Juan de Pareja

Have you ever wondered how the stories that we tell ourselves are created? What affects the way they shape in our mind? And how does this affect our experience of the world? I would like to offer you an exercise in looking today. Something like the Rorschach test, only the material will be less abstract. Please look at the image below and catch the first association that comes to your mind regarding the man depicted on it. Who is he? What is his position in the society? What education did he receive?

Diego Velázquez, Juan de Pareja, 1650, Metropolitan Museum of Art, New Jork ©

I suspect that most of you in your answers gave such terms as aristocrat, courtier, maybe diplomat or artist. Did anyone of you come to think of calling him a slave?

Juan de Pareja was born in 1606 in Antequera in the province of Malaga as a son of Spaniard and a slave named Zulema. He belonged to the Velázquez family, and from 1631 he was employed as an assistant in the painter’s studio. Slavery in Spain was a common phenomenon, Seville – in which Velázquez began his career – was one of the main centers of slave trade on the Iberian Peninsula and the Americas. Surprisingly, with such a significant presence of black slaves, their representation in Spanish painting was negligible. It was Velázquez who changed it, choosing black characters for the heroes of his genre scenes.

Diego Velázquez, Kitchen Scene with Supper at Emmaus, ca.1617-1618. © National Gallery of Ireland

Velázquez made a conscious choice by painting the portrait of Juan de Pareja. Portrait as a genre is a kind of a showcase of a sitter, its aim is both to show the individuality of him and to give the best version of his appearance. One can call it a motto with which a sitter would like to describe himself. It is supposed to catch the viewer from the first sight. In a portrait from 1650, Pareja certainly does not look like a slave. He is a sophisticated courtier, an aristocrat with a daring gaze. Let’s look what made in our eyes that Juan de Pareja, the enslaved associate of Velázquez, became don Juan.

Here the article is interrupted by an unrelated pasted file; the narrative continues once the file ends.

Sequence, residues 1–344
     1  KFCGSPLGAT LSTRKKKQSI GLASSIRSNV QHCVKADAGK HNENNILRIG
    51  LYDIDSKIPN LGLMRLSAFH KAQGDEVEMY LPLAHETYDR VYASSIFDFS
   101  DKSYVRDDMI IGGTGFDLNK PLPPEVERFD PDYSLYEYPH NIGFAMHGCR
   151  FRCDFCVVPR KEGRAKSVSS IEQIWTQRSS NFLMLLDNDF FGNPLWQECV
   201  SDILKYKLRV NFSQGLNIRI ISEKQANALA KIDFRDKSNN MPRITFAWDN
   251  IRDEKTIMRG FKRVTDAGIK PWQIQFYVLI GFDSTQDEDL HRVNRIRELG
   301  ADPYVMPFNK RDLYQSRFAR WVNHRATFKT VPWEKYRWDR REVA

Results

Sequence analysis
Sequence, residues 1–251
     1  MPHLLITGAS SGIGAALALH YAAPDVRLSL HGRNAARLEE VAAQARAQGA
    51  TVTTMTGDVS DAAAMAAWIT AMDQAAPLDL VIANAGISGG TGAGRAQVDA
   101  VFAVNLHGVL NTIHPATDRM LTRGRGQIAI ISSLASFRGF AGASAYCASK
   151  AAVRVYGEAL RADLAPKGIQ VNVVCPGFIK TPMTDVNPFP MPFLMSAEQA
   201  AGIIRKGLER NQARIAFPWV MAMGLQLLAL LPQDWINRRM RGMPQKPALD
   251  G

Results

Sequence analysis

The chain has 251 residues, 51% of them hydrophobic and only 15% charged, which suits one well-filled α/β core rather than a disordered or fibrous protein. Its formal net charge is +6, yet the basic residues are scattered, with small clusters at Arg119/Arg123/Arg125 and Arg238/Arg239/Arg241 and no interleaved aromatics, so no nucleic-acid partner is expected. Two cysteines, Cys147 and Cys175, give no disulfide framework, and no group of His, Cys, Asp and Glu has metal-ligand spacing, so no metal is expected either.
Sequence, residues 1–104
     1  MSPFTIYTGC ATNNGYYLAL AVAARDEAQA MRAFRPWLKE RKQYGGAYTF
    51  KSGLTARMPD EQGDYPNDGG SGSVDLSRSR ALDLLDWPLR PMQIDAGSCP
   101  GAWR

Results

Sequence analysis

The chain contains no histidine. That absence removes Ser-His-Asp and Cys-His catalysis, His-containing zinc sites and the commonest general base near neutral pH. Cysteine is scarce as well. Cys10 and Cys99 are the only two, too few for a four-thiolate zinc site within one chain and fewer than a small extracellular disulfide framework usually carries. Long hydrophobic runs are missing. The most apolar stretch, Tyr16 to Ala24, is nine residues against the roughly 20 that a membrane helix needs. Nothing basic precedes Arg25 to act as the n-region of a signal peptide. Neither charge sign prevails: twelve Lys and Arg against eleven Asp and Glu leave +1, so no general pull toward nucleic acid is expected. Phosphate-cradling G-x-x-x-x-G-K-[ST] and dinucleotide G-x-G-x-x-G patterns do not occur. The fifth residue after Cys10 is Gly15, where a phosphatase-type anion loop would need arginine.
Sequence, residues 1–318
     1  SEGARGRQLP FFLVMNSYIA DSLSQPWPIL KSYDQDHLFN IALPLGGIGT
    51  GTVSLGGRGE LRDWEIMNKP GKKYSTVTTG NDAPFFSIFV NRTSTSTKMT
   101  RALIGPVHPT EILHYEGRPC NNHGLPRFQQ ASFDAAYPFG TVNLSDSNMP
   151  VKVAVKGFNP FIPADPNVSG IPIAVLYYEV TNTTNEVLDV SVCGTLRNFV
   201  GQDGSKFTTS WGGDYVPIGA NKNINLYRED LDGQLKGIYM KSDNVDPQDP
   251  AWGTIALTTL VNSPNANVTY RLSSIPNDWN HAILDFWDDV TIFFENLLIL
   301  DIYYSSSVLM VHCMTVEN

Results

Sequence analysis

While learning about reality the human brain is looking for the shortest path for data processing. It eagerly assigns new elements to already known labels. And so a specific skin color, body position or outfit can trigger specific sequences of meanings in the brain. Velázquez used a pose associated with gentiluomo, known among others from portraits of Titian, to disarm (Spanish) image of black people. Juan de Pareja was shown as the main and only hero of the painting. He boldly looks into our eyes, his masculine beauty is emphasized by the luxuriant hair and whiteness of the lace collar contrasting with the chocolate shade of his complexion. He is the incarnation of a gentleman.  

gentiluomo pose
Titian, A Man with a Quilted Sleeve, ca. 1510, The National Gallery, London

The portrait of Juan de Pareja was created in Rome, far away from Spain. It is difficult to say clearly what were the motivations of the artist – an expression of rebellion against a rigid customs in Spain, the promotion of his skills or perhaps the desire to impress the Roman elite of artists and humanists. Or probably a bit of everything. Juan de Pareja, shortly after the painting was made, was liberated by Velázquez and he continued to improve his skills in the craft of painting. He became an independent artist after the death of the master. The way we see him today, is very much indebted to this suggestive portrait.

Without knowing these facts would you be able to reckon the truth about the figure depicted in the portrait? Our exercise from the beginning gave a rather negative answer. When learning about new images, before we make a decisive judgment, it is worth establishing the facts and reaching their true story. Velázquez appealed to viewers’ visual habits to mislead them in their assessment of the position of the sitter. And he succeeded in his deception.

Juan de Pareja, The Calling of Saint Matthew, 1661, Prado, Madrid ©

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